A next-generation sequencing method for gene doping detection that distinguishes low levels of plasmid DNA against a background of genomic DNAde Boer, E. N., van der Wouden, P. E., Johansson, L. F., van Diemen, C. C. & Haisma, H. J., Aug-2019, In : Gene Therapy. 26, 7-8, p. 338-346 9 p.
Research output: Contribution to journal › Article › Academic › peer-review
Gene doping confers health risks for athletes and is a threat to fair competition in sports. Therefore the anti-doping community has given attention on its detection. Previously published polymerase chain reaction-based methodologies for gene doping detection are targeting exon-exon junctions in the intron-less transgene. However, because these junctions are known, it would be relatively easy to evade detection by tampering with the copyDNA sequences. We have developed a targeted next-generation sequencing based assay for the detection of all exon-exon junctions of the potential doping genes, EPO, IGF1, IGF2, GH1, and GH2, which is resistant to tampering. Using this assay, all exon-exon junctions of copyDNA of doping genes could be detected with a sensitivity of 1296 copyDNA copies in 1000 ng of genomic DNA. In addition, promotor regions and plasmid-derived sequences are readily detectable in our sequence data. While we show the reliability of our method for a selection of genes, expanding the panel to detect other genes would be straightforward. As we were able to detect plasmid-derived sequences, we expect that genes with manipulated junctions, promotor regions, and plasmid or virus-derived sequences will also be readily detected.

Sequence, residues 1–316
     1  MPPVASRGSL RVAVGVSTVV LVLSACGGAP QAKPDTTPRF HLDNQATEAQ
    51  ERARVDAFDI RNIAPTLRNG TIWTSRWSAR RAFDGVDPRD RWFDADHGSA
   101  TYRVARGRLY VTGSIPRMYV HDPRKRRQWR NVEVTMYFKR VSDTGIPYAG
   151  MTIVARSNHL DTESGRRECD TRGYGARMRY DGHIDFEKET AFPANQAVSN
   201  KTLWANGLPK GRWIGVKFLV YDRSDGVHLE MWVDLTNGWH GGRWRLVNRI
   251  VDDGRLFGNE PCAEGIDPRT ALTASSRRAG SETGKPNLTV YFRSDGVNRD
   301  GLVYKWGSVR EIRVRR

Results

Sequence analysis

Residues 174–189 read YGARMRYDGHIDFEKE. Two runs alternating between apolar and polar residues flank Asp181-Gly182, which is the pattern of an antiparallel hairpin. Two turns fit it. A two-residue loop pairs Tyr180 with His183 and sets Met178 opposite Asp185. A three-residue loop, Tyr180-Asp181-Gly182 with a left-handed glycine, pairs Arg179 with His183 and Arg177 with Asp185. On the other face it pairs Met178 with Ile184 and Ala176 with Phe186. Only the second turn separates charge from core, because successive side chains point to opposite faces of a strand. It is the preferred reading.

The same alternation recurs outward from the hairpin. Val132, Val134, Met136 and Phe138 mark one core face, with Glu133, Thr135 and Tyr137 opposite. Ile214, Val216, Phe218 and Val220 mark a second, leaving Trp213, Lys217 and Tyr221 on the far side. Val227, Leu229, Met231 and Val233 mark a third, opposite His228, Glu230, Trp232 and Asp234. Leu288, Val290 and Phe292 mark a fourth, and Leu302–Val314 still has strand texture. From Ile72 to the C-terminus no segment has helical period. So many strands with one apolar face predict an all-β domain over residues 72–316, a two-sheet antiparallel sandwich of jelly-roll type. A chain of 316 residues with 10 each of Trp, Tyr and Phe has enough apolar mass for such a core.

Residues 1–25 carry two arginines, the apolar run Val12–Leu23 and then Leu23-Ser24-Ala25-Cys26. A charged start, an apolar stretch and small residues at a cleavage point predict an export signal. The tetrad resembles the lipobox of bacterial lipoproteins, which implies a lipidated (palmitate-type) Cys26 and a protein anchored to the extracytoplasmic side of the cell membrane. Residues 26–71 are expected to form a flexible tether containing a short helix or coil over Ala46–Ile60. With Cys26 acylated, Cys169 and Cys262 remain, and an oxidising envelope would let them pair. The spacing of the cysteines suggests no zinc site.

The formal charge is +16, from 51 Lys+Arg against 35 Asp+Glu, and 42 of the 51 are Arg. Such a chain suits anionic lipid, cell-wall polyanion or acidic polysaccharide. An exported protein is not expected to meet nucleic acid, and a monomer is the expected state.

|Number of pages||9|
|Publication status||Published - Aug-2019|
- gene doping, next generation sequencing